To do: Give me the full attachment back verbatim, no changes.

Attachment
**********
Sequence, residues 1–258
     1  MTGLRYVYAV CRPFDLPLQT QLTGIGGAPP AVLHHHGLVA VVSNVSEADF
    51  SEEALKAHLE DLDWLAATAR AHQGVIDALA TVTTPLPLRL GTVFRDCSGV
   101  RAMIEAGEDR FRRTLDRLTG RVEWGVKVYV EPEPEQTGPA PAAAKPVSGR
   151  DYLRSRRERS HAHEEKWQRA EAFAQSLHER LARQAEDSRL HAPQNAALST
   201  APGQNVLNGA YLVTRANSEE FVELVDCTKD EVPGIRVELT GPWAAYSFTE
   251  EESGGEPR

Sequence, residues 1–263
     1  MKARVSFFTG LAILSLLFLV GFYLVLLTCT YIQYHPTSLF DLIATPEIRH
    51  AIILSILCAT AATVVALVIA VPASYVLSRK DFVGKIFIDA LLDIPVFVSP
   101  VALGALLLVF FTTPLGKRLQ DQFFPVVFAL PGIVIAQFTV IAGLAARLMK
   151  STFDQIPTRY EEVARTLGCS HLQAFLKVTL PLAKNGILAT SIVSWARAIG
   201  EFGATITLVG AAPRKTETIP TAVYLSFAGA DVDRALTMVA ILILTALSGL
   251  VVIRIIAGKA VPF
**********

Sequence, residues 1–258
     1  MTGLRYVYAV CRPFDLPLQT QLTGIGGAPP AVLHHHGLVA VVSNVSEADF
    51  SEEALKAHLE DLDWLAATAR AHQGVIDALA TVTTPLPLRL GTVFRDCSGV
   101  RAMIEAGEDR FRRTLDRLTG RVEWGVKVYV EPEPEQTGPA PAAAKPVSGR
   151  DYLRSRRERS HAHEEKWQRA EAFAQSLHER LARQAEDSRL HAPQNAALST
   201  APGQNVLNGA YLVTRANSEE FVELVDCTKD EVPGIRVELT GPWAAYSFTE
   251  EESGGEPR

Sequence, residues 1–263
     1  MKARVSFFTG LAILSLLFLV GFYLVLLTCT YIQYHPTSLF DLIATPEIRH
    51  AIILSILCAT AATVVALVIA VPASYVLSRK DFVGKIFIDA LLDIPVFVSP
   101  VALGALLLVF FTTPLGKRLQ DQFFPVVFAL PGIVIAQFTV IAGLAARLMK
   151  STFDQIPTRY EEVARTLGCS HLQAFLKVTL PLAKNGILAT SIVSWARAIG
   201  EFGATITLVG AAPRKTETIP TAVYLSFAGA DVDRALTMVA ILILTALSGL
   251  VVIRIIAGKA VPF